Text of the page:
Is London falling victim to cultural cleansing?

Is London falling victim to cultural cleansing?

Even chicken shops look quaint amid the vintage boutiques. — As the housing crisis deepens, and tower blocks keep rising for the transnational rich, Michael Fordham ponders London's cultural loss.

It’s expensive to live in London. No shit Sherlock. It has always been. But now it’s ridiculous. Parts of town that used to be rat infested backwaters populated by a generations deep communities are now vapid, millionaires’ ghettos. Just look at Shoreditch. It was always a dark, greasy corner of town avoided by anyone but souped-up city boys and other glorious lowlife ranging from strippers and market-traders flogging snide gear to hod-wielding day labourers and full-English greasers.

Now amid the vintage boutiques even the chicken joints seem quaint, evocative of a time when real people, real cultures, made the place their home. The entire expanse from the edges of The City to Vicky Park and up to the Lea Cut is punctuated by a pox of postmodernist towers most of which are prefabricated in Malaysia and designed to maximise yield x square footage. Their marketing hoardings feature badly rendered vector graphics desperate to hawk a lifestyle that involves a well-heeled generation of flat white drinkers. Yes – these luxury gaffs are targeted at a mythical population that hardly even exists — the sort of folk who can afford £18K for a year-long masters degree program at SOAS whilst daddy sinks the yield from his derivatives into the property they occupy. Don’t believe the hype. Let’s all move to Romford.

Just take a look up City Road (we used to call it Shitty Road) the thoroughfare that links tech-boom ground zero at Old Street roundabout to the once-genteel Angel — and see the towering hulks of lifestyle-marketed tower blocks with pokey two-bedroom flats going for a £750K a pop. Two thirds of them are left empty, accruing value for the landlord as the hours tick by. What’s the point in going to the hassle of renting it out when it will make you £100K a year just sitting there?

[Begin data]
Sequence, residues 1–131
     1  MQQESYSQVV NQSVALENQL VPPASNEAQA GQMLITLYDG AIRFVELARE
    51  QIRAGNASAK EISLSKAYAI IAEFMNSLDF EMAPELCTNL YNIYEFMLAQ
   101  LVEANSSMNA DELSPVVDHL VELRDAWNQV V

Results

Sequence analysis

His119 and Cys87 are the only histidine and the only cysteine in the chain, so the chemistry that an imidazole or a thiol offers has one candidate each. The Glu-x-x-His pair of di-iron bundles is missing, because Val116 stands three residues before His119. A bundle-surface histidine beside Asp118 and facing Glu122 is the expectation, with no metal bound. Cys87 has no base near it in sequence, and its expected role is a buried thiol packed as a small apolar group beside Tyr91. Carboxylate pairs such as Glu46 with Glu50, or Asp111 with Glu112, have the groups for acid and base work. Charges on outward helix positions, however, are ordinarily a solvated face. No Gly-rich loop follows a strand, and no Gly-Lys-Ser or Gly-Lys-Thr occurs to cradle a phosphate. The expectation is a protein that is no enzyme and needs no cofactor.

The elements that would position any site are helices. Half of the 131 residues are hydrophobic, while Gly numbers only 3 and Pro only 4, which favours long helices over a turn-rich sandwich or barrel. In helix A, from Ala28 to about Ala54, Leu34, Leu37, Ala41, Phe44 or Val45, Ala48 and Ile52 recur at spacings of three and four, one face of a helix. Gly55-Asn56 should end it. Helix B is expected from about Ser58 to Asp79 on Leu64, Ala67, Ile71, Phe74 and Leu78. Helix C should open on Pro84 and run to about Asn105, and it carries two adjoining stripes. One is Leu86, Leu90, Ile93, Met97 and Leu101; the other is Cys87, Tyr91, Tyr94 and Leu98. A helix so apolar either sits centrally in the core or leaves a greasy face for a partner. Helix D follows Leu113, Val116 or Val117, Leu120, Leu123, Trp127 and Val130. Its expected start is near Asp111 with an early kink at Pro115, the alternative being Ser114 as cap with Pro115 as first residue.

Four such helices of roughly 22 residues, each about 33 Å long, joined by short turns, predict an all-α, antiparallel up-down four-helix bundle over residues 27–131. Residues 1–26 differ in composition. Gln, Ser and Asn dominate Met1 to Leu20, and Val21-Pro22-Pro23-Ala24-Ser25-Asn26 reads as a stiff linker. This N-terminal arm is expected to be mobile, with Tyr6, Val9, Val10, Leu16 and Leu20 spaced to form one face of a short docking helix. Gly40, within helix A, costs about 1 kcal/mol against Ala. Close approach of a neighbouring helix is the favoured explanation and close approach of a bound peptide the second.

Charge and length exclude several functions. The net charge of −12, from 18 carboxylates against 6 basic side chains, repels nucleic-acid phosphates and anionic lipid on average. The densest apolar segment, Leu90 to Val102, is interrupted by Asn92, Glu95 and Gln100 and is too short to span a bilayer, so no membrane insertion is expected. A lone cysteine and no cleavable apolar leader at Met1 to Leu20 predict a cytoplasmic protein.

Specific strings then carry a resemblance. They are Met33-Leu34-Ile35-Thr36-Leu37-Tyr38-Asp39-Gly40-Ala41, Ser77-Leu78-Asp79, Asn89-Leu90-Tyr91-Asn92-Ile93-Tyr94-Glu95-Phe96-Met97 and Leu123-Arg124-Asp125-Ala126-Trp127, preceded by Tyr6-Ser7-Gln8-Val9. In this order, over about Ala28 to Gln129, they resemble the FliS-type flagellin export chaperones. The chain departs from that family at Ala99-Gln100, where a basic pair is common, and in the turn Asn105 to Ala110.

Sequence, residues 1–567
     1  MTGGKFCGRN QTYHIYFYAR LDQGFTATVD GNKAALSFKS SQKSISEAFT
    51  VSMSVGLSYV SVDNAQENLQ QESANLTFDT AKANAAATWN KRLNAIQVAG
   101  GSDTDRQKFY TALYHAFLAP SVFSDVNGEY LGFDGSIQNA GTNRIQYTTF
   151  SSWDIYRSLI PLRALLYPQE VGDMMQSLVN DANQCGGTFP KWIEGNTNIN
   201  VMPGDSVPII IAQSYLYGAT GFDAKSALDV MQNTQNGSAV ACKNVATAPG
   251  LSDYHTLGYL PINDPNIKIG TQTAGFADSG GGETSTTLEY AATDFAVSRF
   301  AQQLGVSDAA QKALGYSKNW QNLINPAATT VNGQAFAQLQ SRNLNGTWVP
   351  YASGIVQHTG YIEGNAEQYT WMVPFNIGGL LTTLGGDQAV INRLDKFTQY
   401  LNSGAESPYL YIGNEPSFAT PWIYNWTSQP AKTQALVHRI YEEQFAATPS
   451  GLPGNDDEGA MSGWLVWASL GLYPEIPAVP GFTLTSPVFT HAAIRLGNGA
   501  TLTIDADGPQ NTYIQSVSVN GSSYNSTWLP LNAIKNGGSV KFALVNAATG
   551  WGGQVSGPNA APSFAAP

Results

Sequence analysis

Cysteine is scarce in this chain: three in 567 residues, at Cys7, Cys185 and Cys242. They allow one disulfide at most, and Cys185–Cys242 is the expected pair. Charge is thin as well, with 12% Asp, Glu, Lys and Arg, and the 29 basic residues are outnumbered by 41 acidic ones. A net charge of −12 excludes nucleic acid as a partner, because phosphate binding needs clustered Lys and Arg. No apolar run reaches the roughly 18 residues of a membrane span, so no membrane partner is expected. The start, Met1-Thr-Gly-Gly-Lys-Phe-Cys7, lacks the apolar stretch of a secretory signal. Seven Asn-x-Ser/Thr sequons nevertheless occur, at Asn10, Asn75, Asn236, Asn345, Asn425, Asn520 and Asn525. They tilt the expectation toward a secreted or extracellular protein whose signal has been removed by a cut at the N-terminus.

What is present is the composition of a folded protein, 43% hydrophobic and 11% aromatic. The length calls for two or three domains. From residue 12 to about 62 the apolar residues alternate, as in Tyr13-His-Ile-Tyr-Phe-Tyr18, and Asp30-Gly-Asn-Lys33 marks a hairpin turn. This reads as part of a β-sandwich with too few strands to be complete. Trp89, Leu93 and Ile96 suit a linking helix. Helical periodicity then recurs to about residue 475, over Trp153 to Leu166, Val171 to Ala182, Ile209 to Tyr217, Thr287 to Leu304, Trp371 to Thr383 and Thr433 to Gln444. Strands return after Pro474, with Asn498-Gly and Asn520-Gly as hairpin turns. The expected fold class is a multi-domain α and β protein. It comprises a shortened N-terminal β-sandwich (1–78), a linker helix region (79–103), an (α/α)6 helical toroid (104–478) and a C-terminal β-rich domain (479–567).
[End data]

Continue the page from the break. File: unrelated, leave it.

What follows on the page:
It used to be that the skint parts of London and the new Londoners that went to live there radiated outward toward the suburbs, generation upon generation. The Irish, the Huguenot Diddycoys, the Jews, the Indians, the Bengalis and most lately the Eastern Europeans – have come and gone and laid their own traces. Each generation left an indelible mark – and the textures that remain create London’s careworn patina. Each culture made a better life for themselves — moved out to the suburbs but never forgot the streets that nurtured them. This is the process that made the city what it was: the first — and last — megalopolis rooted in tenets of good ole’ modernity.

It’s an insidious new breed — the transnational rich — that are turning up and ruining your manor. The locals disappear. The poor people are forced out to new towns on the periphery — and Japanese canteens and craft ale houses spring up like cankers to service this new population — very few of which will actually end up staying for more than a single economic cycle. What happens to these new businesses when these drifters of High Net Worth grow up and get a real life?

When recently a community of Stratford mums decided to occupy their council block — the one that the local authority insisted it needed to sell off to developers for yet another tranche of cultural cleansing — it was clear that the battle they were fighting was for the simple right to live.

Their struggle — and the challenge for anyone who wants to retain a foothold in any of London’s embattled neighbourhoods is no longer about race, colour or creed. It’s no less than a fight to sustain London’s deep, rich textures.